I think it would be 250 if the wife waits to get anything until then, not “get x now and it increases to 250”.
I had a similar situation, years back. My company (also an accounting firm!) had gone from defined benefit to defined contribution. At the time our group was sold to another firm, I was vested in both, and I could have elected to collect a monthly annuity starting right then - this was about 15 years back. The cashout value would have been something like 5K. The annuity starting them would have been about 55 dollars a month. If I’d waited until 65 it would work out to about 250 a month.
5K wasn’t enough to mess with. I don’t recall whether I even had the option to take a lump sum payout. So I left it in place. There is some joint survivorship option available when I do take it. I figure it’ll be almost enough to pay my MediGap coverage when the time comes.
I have another retirement bucket from that same employer - defined contribution. When I retire, I have the choice of having it converted all or in part to an annuity (with some survivor benefits), but that amount depends on how the market performs. If it does well between now and then, the annuity is more. If not… oh well. It’s different from a 401(k) in that I could NOT take a distribution without spousal approval, even to roll it into an IRA. I wound up leaving it in place - I figure it wouldn’t do any better (or worse) than in an IRA.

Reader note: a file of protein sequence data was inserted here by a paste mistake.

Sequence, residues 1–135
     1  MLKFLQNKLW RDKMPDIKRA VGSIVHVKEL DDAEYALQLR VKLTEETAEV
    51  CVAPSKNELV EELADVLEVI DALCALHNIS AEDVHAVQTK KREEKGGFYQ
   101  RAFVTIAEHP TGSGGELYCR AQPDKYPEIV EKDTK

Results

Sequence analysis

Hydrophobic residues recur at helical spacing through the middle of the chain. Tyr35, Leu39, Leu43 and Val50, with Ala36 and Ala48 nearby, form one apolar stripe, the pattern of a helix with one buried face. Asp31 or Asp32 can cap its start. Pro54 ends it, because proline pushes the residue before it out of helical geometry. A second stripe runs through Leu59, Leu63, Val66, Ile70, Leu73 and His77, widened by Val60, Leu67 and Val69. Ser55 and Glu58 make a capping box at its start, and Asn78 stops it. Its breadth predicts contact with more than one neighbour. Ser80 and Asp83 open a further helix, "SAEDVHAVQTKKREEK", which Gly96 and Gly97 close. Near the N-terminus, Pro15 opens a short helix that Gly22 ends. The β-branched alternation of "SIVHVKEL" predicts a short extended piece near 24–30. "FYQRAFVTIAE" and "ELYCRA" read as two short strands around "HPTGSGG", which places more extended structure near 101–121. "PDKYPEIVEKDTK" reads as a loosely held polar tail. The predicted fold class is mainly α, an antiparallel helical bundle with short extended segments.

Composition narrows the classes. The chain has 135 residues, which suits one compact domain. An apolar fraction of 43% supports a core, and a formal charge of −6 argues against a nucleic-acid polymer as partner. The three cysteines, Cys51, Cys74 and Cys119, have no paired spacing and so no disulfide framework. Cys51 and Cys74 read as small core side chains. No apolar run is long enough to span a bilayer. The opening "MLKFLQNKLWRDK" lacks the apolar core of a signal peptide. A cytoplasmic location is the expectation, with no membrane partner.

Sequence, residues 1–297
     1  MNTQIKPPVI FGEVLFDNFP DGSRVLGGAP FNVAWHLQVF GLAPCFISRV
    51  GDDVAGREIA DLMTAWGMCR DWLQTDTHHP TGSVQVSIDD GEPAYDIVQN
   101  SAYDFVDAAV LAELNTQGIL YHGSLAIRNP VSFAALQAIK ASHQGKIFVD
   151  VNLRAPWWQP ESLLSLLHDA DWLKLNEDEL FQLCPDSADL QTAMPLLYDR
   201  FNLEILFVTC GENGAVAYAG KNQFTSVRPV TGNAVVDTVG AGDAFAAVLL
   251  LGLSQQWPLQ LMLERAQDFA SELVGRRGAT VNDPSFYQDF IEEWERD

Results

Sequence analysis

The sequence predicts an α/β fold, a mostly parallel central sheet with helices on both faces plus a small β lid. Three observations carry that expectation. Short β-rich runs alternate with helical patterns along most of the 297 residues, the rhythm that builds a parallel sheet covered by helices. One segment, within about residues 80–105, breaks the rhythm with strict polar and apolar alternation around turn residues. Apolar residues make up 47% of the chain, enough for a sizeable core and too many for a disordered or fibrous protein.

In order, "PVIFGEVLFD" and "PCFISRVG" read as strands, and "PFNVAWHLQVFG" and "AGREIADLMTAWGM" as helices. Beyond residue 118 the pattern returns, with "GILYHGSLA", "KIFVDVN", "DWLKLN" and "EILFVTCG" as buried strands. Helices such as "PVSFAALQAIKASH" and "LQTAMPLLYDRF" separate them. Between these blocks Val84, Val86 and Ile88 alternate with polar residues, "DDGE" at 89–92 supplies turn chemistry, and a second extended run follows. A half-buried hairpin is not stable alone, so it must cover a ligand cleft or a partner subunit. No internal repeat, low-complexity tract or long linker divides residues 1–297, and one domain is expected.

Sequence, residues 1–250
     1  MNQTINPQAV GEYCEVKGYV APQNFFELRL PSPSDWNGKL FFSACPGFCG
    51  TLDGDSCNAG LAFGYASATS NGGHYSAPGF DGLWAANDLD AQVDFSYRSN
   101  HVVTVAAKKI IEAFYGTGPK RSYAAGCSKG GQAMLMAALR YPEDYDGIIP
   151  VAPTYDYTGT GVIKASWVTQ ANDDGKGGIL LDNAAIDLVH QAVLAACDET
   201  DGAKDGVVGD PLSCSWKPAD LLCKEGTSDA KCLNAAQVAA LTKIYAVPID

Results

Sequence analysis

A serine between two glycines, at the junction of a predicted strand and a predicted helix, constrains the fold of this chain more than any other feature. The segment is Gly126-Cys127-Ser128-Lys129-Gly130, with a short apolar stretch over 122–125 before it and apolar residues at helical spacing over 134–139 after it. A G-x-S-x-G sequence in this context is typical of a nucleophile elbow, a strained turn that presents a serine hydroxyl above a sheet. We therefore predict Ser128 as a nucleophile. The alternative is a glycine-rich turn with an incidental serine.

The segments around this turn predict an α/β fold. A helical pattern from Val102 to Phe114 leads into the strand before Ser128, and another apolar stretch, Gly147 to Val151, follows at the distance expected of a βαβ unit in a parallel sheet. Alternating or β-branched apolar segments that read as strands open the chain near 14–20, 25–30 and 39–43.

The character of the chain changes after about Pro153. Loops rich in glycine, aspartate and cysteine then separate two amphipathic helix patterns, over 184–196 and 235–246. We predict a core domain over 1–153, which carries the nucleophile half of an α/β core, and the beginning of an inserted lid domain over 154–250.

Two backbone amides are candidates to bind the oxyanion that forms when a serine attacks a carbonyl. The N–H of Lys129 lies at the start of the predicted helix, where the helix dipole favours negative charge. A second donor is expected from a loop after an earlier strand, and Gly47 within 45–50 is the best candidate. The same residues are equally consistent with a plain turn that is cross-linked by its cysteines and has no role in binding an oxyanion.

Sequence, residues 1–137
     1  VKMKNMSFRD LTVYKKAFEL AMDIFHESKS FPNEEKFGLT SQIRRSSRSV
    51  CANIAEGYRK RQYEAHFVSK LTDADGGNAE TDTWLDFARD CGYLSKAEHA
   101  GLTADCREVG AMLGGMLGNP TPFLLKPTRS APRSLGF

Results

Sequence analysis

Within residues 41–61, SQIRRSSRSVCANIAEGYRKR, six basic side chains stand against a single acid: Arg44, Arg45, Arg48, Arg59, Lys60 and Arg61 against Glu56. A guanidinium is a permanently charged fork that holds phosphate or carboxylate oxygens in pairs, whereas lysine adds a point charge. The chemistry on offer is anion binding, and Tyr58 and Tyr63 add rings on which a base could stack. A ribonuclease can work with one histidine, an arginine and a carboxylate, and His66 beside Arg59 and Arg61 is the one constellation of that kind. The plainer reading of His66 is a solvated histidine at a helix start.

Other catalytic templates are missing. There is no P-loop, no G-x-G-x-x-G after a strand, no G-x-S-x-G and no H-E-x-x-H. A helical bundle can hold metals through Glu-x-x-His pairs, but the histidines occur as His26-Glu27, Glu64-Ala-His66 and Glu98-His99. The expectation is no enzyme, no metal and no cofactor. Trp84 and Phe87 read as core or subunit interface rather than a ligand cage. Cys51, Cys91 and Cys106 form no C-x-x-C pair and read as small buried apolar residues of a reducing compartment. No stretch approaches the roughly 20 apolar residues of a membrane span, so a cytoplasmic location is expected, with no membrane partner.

Re the OP: You’re (almost) guaranteed that 250 a month if you leave it in place. “almost” because of course sometimes pensions are… underfunded. If you take the cashout and invest it in an IRA, anything could happen to the market.
On the other hand, you’re 25+ years away from retirement. As others have said, anything could happen between now and then that would mean that 250 doesn’t show up - it’s part of their underwriting / actuarial process, in that they assume a certain amount will never have to be paid. While I’m normally a big proponent of “blind and crazy” (out of sight, out of mind), in this case I’d agree that taking a distribution makes more sense - ASSUMING IT IS TREATED CORRECTLY FOR TAX PURPOSES.
If the organization reports it to the IRS as a regular payout, vs a rollover, you could get a nasty tax bill. I had a bank once report an inherited IRA as rolled over to a regular account vs an IRA - and had to get them to issue corrected paperwork as the taxes would have wiped out half the balance.